Pixar animator proves it’s never too late to follow ‘Joy’

July 10, 2015
Jae Hyung Kim (Courtesy of Disney/Pixar)

Jae Hyung Kim (Deborah Coleman/Courtesy of Disney/Pixar)

By Tae Hong

Ten years ago, Jae Hyung Kim had it all figured out on the outside. He was a first-year medical resident at the historied Yonsei University in South Korea, elite career on the horizon.

It was on the inside that he housed constant doubts about whether he’d chosen the right path.

So he took a risk. He quit the hospital and moved to America to pursue what he loved — animation. Good thing, too, because now he’s found a home in Northern California as a Pixar animator.

The latest film on which he worked was “Inside Out” — a title, funnily enough, that reflects so much of his own experience — directed by Pete Docter and released last month to critical acclaim and box office success. Kim, 41, spent a good chunk of his time molding the characterization of Joy, the captain of the emotion squad.

“People tell me I’m more Anger than Joy,” he laughed. “I’ve been denying that.”

He’s certainly a bit of Grit, if that ever were an emotion (it’s not) — he was 30 when he left that prestige of a promising medical career, wife and kids in tow, for San Francisco and Animation 101 at Academy of Art University, driven by little more than his gut.

“At the time, I thought, I’m not only going to work until I’m 40. I’m going to be working a long time,” he said. “If I don’t enjoy my work, it’s going to be difficult. That was a thought I had a lot.”

“If I could start from the beginning and maybe work in animation, if I quit my hospital job, then I thought, ‘I think I will be able to be happy,’” Kim said.

Jae Hyung Kim (Deborah Coleman/Courtesy of Disney/Pixar)

Jae Hyung Kim (Deborah Coleman/Courtesy of Disney/Pixar)

The first “Toy Story” came out when Kim was a college student in Korea. He remembers it as the film that sparked his interest in animation. It was 1995, and the movie was a spectacle of its time, the very first full-length computer-animated feature.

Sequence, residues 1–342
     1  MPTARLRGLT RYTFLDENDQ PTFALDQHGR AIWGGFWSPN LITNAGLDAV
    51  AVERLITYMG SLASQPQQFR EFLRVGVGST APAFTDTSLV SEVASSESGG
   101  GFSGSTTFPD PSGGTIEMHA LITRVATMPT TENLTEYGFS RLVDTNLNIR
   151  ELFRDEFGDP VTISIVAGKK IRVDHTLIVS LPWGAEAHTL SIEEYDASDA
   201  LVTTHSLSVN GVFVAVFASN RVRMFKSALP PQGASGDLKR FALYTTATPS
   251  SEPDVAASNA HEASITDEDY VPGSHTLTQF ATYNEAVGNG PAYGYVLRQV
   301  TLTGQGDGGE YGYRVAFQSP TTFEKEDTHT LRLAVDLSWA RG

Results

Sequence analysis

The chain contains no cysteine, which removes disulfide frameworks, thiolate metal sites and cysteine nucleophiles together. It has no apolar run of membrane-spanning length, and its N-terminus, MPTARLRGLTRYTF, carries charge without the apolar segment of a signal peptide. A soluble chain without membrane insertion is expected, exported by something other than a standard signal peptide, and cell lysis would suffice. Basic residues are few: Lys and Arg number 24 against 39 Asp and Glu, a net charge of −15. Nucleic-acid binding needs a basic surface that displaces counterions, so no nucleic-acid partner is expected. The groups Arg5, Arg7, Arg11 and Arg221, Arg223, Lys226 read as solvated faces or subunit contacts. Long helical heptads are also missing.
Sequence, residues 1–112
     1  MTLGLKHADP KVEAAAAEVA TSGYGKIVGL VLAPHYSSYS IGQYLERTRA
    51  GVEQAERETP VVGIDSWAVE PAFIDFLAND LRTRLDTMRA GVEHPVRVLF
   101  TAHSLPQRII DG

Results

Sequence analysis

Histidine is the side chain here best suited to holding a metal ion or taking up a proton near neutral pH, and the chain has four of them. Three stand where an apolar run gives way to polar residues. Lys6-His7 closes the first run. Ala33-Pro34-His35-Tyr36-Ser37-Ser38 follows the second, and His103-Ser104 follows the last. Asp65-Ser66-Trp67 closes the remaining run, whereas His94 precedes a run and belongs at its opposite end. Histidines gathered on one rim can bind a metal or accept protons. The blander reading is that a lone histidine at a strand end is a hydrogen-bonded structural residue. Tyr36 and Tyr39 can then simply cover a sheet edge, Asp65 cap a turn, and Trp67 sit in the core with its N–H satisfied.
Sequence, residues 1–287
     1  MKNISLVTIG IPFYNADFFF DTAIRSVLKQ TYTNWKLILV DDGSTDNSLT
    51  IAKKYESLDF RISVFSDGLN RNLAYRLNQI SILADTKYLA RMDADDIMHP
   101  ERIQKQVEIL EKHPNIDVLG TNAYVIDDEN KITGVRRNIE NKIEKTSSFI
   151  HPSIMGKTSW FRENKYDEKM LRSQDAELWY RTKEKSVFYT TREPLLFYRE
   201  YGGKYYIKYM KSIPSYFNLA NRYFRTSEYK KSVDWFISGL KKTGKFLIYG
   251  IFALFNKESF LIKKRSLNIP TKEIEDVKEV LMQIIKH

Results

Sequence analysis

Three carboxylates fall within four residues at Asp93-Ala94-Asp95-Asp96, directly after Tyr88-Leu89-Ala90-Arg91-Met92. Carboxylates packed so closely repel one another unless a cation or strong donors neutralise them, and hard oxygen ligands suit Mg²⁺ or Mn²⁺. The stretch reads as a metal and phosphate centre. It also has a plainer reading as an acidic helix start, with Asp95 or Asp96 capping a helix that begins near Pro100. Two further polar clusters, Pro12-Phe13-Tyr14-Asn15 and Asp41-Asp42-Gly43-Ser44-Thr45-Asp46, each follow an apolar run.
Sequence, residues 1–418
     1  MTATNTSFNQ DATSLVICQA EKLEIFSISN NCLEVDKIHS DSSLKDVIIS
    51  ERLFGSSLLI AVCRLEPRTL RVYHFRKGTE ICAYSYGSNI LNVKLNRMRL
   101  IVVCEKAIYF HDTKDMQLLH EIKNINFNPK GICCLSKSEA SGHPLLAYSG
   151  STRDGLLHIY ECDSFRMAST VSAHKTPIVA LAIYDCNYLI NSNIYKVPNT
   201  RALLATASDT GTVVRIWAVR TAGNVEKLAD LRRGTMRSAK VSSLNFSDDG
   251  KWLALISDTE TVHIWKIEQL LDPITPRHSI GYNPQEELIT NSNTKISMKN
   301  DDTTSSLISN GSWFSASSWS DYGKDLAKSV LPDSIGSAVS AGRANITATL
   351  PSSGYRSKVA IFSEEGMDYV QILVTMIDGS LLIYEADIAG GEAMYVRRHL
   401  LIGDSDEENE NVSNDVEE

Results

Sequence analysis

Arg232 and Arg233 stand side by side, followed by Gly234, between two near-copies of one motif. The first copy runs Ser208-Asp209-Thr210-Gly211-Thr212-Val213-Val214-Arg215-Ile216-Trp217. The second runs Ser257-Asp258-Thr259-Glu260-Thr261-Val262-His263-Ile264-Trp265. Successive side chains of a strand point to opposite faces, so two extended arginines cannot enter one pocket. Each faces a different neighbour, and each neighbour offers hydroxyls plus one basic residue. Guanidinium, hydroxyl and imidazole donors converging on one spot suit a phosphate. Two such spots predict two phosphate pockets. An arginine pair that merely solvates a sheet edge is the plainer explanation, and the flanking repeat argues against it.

It was like nothing he’d ever seen before. It was like nothing anyone had ever seen before — the film redefined the limits of animation.

“That left an impression on me,” he said. “I didn’t think to myself, ‘I have to become a Pixar animator,’ but it did stay in my head.”

That CGI became the craft he learned and the craft he works.

Following entrance to Pixar as an intern in 2006 on the cusp of graduation from the academy and a short departure to Blizzard Entertainment, a video game developer, before his return, Kim went on to help animate “Cars 2,” “Brave” and “Monsters University.”

Through all of it, Kim struggled to learn a language he did not speak and a culture he had never experienced. What drove his enthusiasm was the work — he said each project is a lesson and a new skill.

For “Inside Out,” which depicts a disaster that befalls a group of emotions as their host, a young girl named Riley, suffers a difficult move from an idyllic suburb to an unwelcoming San Francisco, a mixture of 3D and 2D styles were employed.

Kim said the animation — especially for the emotions, as they move so differently from humans — was a departure from Pixar’s usual style, with more of a dependence on a “cartoony” look and a dependence on 2D design sketches.

“Characters begin as models with no emotions,” Kim said. “I give them life and allow them to tell stories. When I see them in action later, they feel like your babies.”

If he has a goal, it’s to keep doing what he loves, and to keep getting better and better at it.

Maybe directing’s in his future, too, but that’s for much later.

“If I have a story I want to tell, then that will be the right time for me,” Kim said.

For the time being, he’s already working on Pixar’s next film, “The Good Dinosaur,” which will paint the friendship between a young boy and a dinosaur.

“It’s a completely different film than ‘Inside Out,’ but it has the same amount of heart,” Kim said. “You can count on it.”


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  2. Ehsan

    March 15, 2016 at 6:36 AM

    Wow, That is so beautiful!